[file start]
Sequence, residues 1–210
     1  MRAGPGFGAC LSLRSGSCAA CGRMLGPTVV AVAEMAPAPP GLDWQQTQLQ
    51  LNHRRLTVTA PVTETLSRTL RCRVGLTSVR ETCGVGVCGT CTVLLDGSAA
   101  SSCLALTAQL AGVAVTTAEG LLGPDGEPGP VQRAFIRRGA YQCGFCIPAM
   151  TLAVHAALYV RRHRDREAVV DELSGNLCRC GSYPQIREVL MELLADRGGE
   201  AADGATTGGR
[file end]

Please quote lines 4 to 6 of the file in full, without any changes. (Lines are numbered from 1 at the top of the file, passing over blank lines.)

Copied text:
   101  SSCLALTAQL AGVAVTTAEG LLGPDGEPGP VQRAFIRRGA YQCGFCIPAM
   151  TLAVHAALYV RRHRDREAVV DELSGNLCRC GSYPQIREVL MELLADRGGE
   201  AADGATTGGR